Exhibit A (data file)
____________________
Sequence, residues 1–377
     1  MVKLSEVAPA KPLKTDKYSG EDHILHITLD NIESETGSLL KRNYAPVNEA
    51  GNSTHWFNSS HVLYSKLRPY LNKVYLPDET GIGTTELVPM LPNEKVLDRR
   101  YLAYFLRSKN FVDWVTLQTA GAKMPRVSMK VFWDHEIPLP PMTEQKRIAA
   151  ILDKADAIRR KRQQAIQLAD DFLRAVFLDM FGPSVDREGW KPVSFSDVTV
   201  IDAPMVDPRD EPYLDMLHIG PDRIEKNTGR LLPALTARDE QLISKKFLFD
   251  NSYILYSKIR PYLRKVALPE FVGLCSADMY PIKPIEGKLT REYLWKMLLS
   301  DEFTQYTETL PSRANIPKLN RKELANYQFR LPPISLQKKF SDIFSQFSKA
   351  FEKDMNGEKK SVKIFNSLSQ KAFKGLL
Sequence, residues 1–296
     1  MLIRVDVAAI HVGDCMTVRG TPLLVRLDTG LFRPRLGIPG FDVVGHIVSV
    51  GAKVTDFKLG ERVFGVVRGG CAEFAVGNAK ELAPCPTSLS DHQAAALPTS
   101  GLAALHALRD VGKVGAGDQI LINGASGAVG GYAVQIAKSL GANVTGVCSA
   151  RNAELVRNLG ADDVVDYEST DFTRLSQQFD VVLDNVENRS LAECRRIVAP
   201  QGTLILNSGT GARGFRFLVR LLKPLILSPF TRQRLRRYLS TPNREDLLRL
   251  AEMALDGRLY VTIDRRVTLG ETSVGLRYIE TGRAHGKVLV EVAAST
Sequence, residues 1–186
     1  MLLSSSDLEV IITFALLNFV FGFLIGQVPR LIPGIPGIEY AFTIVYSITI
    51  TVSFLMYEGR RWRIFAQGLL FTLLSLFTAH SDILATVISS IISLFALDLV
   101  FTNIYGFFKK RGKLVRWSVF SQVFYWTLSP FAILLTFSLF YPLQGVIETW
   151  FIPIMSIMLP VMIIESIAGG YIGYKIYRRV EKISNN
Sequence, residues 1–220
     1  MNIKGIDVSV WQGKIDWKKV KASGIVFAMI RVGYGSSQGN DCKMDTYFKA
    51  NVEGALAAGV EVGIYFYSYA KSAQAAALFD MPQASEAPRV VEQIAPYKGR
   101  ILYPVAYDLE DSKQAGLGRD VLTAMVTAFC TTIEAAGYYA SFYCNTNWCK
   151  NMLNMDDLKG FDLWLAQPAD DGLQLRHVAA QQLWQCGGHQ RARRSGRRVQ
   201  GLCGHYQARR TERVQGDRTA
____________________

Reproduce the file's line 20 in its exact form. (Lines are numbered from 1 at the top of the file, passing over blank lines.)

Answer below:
   101  FTNIYGFFKK RGKLVRWSVF SQVFYWTLSP FAILLTFSLF YPLQGVIETW